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1979: Thorpe cleared of murder charges
Former Liberal Party leader Jeremy Thorpe has walked out of the Old Bailey a free man, after a jury cleared him of the attempted murder of Norman Scott.

Mr Thorpe, who resigned as leader in 1976 amid allegations that he had had a homosexual affair with Mr Scott, hailed his acquittal as "a complete vindication".

Mr Thorpe and three other men were charged with conspiracy to murder, after the bungled assassination attempt of Mr Scott on a deserted moor in Southern England.

All were found not guilty. It took the jury 15 hours of deliberation spread over three days to reach its verdict. Mr Thorpe was also acquitted on a charge of inciting one of his co-defendants, David Holmes, to murder Mr Scott.

I have always maintained that I was innocent
Jeremy Thorpe

The trial lasted 31 days but Mr Thorpe's ordeal began when he was charged last August.

Although he was found not guilty, the case has probably ruined Mr Thorpe's political career.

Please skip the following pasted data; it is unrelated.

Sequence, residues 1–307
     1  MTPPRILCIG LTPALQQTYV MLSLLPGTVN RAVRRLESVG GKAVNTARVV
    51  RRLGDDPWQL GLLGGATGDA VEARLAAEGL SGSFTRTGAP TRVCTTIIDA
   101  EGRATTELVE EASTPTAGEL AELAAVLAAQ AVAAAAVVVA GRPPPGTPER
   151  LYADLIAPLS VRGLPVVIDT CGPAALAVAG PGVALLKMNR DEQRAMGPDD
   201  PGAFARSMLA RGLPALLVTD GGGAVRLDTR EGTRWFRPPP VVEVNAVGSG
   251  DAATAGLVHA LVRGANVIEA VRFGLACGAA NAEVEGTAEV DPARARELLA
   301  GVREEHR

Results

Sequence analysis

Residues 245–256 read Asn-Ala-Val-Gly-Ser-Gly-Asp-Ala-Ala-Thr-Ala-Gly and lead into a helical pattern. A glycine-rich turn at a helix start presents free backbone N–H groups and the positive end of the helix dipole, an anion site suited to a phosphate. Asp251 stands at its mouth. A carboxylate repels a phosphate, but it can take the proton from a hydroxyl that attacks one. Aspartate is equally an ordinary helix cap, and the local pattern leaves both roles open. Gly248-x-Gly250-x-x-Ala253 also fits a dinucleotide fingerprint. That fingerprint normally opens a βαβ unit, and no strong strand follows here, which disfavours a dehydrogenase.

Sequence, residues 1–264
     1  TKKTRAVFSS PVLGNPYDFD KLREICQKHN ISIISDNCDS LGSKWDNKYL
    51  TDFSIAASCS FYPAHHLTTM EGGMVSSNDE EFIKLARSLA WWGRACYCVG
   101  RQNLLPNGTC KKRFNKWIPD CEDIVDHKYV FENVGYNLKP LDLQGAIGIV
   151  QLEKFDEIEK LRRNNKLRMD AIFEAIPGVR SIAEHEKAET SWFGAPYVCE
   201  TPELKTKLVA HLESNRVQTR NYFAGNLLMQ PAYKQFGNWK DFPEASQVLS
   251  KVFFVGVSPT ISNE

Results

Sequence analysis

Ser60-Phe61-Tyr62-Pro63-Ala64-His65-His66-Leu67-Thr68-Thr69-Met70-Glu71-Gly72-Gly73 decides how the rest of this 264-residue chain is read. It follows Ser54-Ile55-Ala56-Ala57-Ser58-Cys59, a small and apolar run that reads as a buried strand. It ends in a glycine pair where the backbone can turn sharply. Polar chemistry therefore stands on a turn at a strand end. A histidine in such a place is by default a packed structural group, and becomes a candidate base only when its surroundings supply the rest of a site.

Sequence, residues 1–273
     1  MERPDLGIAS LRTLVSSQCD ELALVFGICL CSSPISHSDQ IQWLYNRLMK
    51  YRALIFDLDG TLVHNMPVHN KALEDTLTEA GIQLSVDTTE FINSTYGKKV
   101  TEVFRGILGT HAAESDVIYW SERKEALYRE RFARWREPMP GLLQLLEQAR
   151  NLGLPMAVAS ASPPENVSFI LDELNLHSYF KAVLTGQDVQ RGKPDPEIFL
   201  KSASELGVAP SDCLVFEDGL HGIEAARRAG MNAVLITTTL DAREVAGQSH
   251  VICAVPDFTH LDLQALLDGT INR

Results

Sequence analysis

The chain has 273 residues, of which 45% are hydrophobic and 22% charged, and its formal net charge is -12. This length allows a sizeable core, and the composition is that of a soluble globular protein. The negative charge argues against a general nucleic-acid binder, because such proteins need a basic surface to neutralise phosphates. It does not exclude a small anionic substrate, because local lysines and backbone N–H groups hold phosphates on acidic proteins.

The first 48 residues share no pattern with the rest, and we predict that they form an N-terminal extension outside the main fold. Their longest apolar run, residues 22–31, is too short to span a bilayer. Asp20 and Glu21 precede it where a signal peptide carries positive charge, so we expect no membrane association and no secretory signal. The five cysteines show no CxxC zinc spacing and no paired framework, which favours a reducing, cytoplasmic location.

As the verdict was read out he sat motionless. Afterwards he leant over to give his wife a long kiss.

Speaking later he said: "I have always maintained that I was innocent of the charges brought against me and the verdict of the jury, after a prolonged and careful investigation by them, I regard as totally fair and a complete vindication."

He added that he would be taking "a short period of rest" away from the glare of publicity.

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Jeremy Thorpe
Mr Thorpe always said he was innocent

Thorpe and co-defendants leave court


In Context
Jeremy Thorpe's political career was indeed ruined by the case.

Mr Thorpe had risen to prominence in 1967 when he became leader of the Liberal Party, but stepped down in 1976 as Norman Scott's allegations about their relationship surfaced.

At the May general election, shortly before the trial began, the voters of north Devon threw him out of the Parliamentary seat he had held for 20 years.

In 1999, two decades after disappearing from public life, Mr Thorpe published his memoirs in which he asserted that he never had any doubt about the acquittal of all the defendants on trial.

Mr Thorpe, who now suffers from Parkinson's Disease, is president of the North Devon Liberal Association.

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